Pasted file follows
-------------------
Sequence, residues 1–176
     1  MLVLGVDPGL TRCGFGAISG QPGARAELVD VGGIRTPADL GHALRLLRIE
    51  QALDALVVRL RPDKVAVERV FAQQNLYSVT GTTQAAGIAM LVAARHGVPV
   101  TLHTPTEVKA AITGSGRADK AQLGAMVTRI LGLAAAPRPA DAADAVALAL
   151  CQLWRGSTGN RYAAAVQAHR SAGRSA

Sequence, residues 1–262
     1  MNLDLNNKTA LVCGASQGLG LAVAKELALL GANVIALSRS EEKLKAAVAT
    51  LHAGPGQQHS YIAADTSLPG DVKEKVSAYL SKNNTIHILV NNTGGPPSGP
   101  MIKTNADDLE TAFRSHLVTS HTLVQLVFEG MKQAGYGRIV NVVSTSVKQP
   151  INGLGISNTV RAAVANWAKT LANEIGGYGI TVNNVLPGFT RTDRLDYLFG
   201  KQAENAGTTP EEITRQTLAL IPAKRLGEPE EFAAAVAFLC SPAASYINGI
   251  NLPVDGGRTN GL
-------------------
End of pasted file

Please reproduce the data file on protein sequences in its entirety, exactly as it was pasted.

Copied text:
Sequence, residues 1–176
     1  MLVLGVDPGL TRCGFGAISG QPGARAELVD VGGIRTPADL GHALRLLRIE
    51  QALDALVVRL RPDKVAVERV FAQQNLYSVT GTTQAAGIAM LVAARHGVPV
   101  TLHTPTEVKA AITGSGRADK AQLGAMVTRI LGLAAAPRPA DAADAVALAL
   151  CQLWRGSTGN RYAAAVQAHR SAGRSA

Sequence, residues 1–262
     1  MNLDLNNKTA LVCGASQGLG LAVAKELALL GANVIALSRS EEKLKAAVAT
    51  LHAGPGQQHS YIAADTSLPG DVKEKVSAYL SKNNTIHILV NNTGGPPSGP
   101  MIKTNADDLE TAFRSHLVTS HTLVQLVFEG MKQAGYGRIV NVVSTSVKQP
   151  INGLGISNTV RAAVANWAKT LANEIGGYGI TVNNVLPGFT RTDRLDYLFG
   201  KQAENAGTTP EEITRQTLAL IPAKRLGEPE EFAAAVAFLC SPAASYINGI
   251  NLPVDGGRTN GL